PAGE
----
Grace Liberates!


If ye then be risen with Christ, seek those things which are above, where Christ sitteth on the right hand of God. Set your affection on things above, not on things on the earth. For ye are dead, and your life is hid with Christ in God. When Christ, who is our life, shall appear, then shall ye also appear with him in glory.
Mortify therefore your members which are upon the earth; fornication, uncleanness, inordinate affection, evil concupiscence, and covetousness, which is idolatry: For which things’ sake the wrath of God cometh on the children of disobedience: In the which ye also walked some time, when ye lived in them. But now ye also put off all these; anger, wrath, malice, blasphemy, filthy communication out of your mouth. Lie not one to another, seeing that ye have put off the old man with his deeds; And have put on the new man, which is renewed in knowledge after the image of him that created him: Where there is neither Greek nor Jew, circumcision nor uncircumcision, Barbarian, Scythian, bond nor free: but Christ is all, and in all. ~ Colossians 3:1-11

Colossians, like other Pauline epistles follows a distinct pattern. It starts with how the Gospel effects our relationship to God (vertical) and concludes with how it effects our relationship to our fellow man (horizontal). In the first two chapters, Paul talks about the supremacy, sufficiency, and Deity of Christ and how the gift of free grace liberates us from the bondage and penalty of the law. It is only after this vertical indicative, that he gives these horizontal imperatives. Let me point out that this grace does not free us from obedience, hence the demands right after the declaration. Grace doesn’t free us from the responsibility of obedience. Grace is not freedom from obedience it is the motivation for obedience! In other words, he is not saying, “Do these things to be accepted of God.” He is saying, “Do these things because you are accepted of God.” While the difference may seem insignificant, it is critical. The former makes my Christian walk about me, while the latter, makes it all about Christ.When the Father looks at us who have accepted His salvation, He sees His Son, “…in Whom I am well-pleased.”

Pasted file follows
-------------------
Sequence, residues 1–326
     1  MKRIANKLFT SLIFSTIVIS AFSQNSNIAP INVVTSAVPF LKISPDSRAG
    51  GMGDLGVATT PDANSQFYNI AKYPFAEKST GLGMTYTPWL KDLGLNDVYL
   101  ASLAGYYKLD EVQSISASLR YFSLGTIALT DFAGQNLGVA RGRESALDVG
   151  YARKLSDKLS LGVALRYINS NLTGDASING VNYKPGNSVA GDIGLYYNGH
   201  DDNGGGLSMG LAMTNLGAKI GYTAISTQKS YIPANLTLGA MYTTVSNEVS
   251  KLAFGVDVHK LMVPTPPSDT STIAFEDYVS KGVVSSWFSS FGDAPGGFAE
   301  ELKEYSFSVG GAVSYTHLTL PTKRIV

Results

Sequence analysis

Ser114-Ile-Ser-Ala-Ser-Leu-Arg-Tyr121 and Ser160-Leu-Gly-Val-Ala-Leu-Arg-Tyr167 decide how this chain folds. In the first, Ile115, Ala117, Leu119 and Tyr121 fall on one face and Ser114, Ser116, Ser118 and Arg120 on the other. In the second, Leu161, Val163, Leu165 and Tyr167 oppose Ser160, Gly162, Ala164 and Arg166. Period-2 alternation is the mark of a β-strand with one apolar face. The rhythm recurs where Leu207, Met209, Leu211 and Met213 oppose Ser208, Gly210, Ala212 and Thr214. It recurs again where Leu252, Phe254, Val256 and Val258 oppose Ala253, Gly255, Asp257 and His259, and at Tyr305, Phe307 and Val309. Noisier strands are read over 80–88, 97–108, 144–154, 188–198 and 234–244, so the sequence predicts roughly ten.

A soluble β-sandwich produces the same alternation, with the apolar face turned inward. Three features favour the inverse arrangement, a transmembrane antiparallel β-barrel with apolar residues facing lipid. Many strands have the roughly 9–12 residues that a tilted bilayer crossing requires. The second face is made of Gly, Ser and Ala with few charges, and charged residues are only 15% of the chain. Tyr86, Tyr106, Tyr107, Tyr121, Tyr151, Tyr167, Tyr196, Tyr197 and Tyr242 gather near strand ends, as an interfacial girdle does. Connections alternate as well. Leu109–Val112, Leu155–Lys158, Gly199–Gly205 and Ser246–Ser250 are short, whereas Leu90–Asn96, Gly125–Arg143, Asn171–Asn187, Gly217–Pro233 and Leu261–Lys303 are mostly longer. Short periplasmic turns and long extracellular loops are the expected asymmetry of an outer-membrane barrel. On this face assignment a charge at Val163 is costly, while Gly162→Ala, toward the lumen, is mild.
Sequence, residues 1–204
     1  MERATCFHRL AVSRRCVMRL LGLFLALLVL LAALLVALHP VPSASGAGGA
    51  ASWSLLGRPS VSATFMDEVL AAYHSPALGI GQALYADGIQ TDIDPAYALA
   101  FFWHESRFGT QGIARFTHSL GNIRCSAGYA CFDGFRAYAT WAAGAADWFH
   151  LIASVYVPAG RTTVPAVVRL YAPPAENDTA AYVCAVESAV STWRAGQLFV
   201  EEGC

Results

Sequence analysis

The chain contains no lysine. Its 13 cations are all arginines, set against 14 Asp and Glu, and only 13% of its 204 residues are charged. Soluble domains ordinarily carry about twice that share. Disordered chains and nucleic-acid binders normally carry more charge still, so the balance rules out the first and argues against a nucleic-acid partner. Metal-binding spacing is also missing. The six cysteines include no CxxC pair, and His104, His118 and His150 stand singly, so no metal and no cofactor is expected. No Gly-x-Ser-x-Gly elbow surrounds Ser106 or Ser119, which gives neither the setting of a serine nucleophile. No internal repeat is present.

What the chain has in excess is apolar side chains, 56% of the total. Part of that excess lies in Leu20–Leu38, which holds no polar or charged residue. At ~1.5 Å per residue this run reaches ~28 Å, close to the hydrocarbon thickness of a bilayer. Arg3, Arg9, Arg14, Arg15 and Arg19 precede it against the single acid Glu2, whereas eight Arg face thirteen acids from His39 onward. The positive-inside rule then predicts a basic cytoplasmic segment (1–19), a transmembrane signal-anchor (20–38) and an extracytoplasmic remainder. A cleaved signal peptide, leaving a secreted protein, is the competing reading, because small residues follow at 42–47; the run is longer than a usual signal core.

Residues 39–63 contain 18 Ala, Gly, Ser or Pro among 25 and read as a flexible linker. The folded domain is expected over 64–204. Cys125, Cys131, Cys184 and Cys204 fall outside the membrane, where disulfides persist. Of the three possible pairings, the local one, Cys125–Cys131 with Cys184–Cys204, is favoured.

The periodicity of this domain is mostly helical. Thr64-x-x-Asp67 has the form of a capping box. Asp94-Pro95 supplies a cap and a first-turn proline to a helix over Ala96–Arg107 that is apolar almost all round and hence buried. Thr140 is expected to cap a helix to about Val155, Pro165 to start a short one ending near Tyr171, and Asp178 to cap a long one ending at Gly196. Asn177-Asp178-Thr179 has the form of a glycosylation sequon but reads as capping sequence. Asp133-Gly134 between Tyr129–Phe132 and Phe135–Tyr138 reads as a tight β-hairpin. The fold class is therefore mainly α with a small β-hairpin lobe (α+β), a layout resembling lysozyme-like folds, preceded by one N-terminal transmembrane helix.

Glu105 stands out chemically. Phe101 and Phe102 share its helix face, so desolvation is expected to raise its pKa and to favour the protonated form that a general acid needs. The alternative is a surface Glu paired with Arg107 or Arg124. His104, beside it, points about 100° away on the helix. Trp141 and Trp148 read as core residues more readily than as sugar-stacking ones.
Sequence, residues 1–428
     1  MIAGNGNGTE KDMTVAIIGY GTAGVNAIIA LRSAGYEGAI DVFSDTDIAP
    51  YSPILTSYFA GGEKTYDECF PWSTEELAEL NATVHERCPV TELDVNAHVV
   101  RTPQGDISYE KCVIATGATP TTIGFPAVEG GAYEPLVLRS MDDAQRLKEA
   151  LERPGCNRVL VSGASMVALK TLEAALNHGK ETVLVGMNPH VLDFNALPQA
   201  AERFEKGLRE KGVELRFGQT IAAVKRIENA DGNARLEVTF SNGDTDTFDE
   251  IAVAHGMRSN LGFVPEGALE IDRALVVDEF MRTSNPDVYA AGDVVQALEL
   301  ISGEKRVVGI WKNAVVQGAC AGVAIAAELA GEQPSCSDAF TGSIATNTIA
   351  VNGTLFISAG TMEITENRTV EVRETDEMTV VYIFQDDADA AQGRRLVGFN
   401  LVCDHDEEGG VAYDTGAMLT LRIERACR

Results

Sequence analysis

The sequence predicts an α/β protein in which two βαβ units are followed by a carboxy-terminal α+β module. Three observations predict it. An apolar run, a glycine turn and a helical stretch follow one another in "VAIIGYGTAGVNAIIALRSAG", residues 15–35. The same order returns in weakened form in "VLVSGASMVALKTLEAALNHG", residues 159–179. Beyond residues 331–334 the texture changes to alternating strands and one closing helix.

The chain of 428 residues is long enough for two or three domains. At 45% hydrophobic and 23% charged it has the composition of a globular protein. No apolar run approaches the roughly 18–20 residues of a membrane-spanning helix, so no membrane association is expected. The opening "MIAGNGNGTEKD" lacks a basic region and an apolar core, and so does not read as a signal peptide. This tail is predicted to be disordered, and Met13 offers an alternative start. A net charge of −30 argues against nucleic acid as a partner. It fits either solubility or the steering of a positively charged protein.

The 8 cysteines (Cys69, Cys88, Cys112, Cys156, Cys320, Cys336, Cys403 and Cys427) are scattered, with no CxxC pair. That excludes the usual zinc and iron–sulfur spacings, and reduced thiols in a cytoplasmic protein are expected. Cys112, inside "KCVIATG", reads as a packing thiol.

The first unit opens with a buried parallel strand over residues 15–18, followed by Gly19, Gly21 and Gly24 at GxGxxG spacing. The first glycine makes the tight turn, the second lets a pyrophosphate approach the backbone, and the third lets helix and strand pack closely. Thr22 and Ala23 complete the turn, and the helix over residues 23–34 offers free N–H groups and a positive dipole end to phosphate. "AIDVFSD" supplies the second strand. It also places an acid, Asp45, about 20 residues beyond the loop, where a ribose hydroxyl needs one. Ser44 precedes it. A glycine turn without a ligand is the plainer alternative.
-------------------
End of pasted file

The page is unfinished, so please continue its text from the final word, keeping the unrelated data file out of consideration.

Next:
Without a continual reminder of the Good News of the Gospel, we can easily fall into one of two errors. The first is to focus on our external performance and become proud like the Pharisee. We may then begin to look down our spiritual noses at others who are not as disciplined, obedient, and committed as we are and in a very subtle way begin to feel spiritually superior to them. The second error is the exact opposite of the first. It is the feeling of guilt. We have been exposed to the disciplines of the Christian life, to obedience, and to service, and in our hearts we have responded to those challenges. We haven’t, however, been as successful as others around us appear to be. We believe God is displeased with us, and we certainly wouldn’t expect His blessing on our lives. After all, we don’t deserve His favor. Because we are focusing on our performance, we forget the meaning of grace, which is God’s unmerited favor to those who deserve only His wrath. Pharisee-type believers think they have earned God’s blessing through their behavior. Guilt-laden believers are quite sure they have forfeited God’s blessing through their lack of discipline or their disobedience. Both have forgotten the meaning of grace because they have moved away from the Gospel and have slipped into a performance relationship with God. ~ Jerry Bridges

I do not perform to earn favor, I have already received the favor of God, and that spurs me on to good works and holy living. Our improvement is a direct result of God’s approval, not the means to earn it. Paul’s message to us in Colossians is not “Earn God’s love and approval!” Rather it is, “You already have God’s love and approval, now start living like a son.”

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